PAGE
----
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More About Chef Don

Answers from a real life
CHF Survivor







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Click Here to see Spring 2009 Feature on Megaheart's Chef Don Courtesy Heart-Healthy Living Magazine.

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Don's Nightmare Hospital Experience – That Ended Well

"Too many hospitals look like mausoleums. This one feels like it." This quote is from a man who was laid out next to me in a not so private hospital recovery room. A right heart catheterization had just revealed my CHF. I didn't push the conversation. I wasn't in the mood. And I'd already spent nearly a full month in ICU in the same hospital about 23 years earlier. They saved my life in that hospital so I wasn't going to question or get into a conversation about the appearance of his mausoleum. Besides, I'd just been told I had a terminal disease. Possibly he was just making me feel a bit morbid.

During my first stay at that hospital (23 years before) I hadn't expected to be there, so I had no time to prep, or ask questions, or understand what was going to happen to me. Again, I came in not knowing what was going to happen, only that they were going to try to figure out why I wasn't breathing well.

My first visit to this hospital had been because of an emergency run from a northern California ski area after an incredibly horrible experience at the ski area's hospital. As hospitals go, the guy next to me had it all wrong. Maybe he didn't have his glasses on or didn't really understand the kind of care he was getting. I laid there after his empirical statement and thought back twenty three years.

It was a harrowing adventure in what could be described as the very worst hospital in northern California, an adventure that ultimately turned out acceptable in one of the best hospitals. Nevertheless, it began in an abyss of darkness punctuated by severe pain and a nearly lost life.

Learning how to deal with hospitals, and the lessons that I've absorbed since 1974, have taught me a great deal about what we patient's can expect at times, and how we should handle difficult situations or better, why we should appreciate the basic kindness of nurses and doctors. Hospitals in and of themselves are not really the challenge. But sometimes procedures and policies might seem to get in the way – especially if we're in pain or worse, seemingly without hope.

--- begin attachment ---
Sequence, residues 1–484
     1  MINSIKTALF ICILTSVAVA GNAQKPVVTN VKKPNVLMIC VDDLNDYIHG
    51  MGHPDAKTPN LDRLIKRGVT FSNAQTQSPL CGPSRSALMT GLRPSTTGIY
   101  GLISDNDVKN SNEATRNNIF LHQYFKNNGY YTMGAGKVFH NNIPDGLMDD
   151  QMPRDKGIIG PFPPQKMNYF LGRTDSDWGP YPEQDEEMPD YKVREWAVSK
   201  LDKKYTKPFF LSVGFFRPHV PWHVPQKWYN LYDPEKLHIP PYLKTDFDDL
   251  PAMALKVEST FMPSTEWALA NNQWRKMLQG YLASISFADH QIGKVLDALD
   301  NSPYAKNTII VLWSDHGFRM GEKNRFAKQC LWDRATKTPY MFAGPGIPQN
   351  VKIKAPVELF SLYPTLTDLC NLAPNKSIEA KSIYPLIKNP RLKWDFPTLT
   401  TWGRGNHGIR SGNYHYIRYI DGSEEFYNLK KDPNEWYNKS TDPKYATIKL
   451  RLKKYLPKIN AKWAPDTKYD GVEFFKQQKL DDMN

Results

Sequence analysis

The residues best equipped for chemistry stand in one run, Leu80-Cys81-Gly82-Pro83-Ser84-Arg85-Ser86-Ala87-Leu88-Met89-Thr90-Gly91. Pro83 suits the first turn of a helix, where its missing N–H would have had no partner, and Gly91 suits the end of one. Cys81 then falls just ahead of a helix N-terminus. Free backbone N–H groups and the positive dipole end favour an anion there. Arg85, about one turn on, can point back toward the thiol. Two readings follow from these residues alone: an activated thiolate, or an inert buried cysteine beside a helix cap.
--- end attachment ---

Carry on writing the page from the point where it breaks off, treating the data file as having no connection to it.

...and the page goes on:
On March 6, 1974 my life nearly ended on a ski slope where I was "sweeping" the mountain in my ski patrolman's role. I had been up there all day working on a film but when packing to leave, the on-duty ski patrolman Skip Lambert, asked me if I'd make the last sweep to ensure everyone was down. He was terribly ill with the flu, and I could see that. The patrol leader had gone into town for supplies and would return soon he said. He also said they'd closed down early because very few skiers had shown. But mountain policy was to sweep before nightfall. I agreed to help.

Halfway through the sweep and while crossing the top ridgeline of the area, I spotted a skier in trouble about midway down a steep slope. I took off to help her.

Just as I arrived I slowed, but it was spring skiing in California and that meant a lower snow pack and slushy snow with a few twigs and rocks jutting up here and there.

My left ski tip snagged one of those twigs, which looked more like a crawling vine. I went down straight ahead and hard. I was barely moving forward so my binding didn't release. However, my ankle did, along with my talus severing (ouch) and a few other major damages like my tibia and fibula snapping like toothpicks. When I looked down at my foot, it was facing one hundred eighty degrees in the wrong direction. I could have gone into shock right there but had enough training and experience to belay that for a while. I was in trouble and understood the challenge. I needed help.

The weather was changing as well. Snow began to fall. The accident happened at 2:15 PM. I know that because my watch must have struck a rock when I went down and it was smashed, stopping at that hour. The woman I'd come to help was up by the time I'd figured out that I was the one in trouble, not her. I asked her to get help for me at the bottom. She blew me off and said, "You're the ski patrolman, get your own help." She skied off and in fact did not report my accident to anyone at the ski lodge below.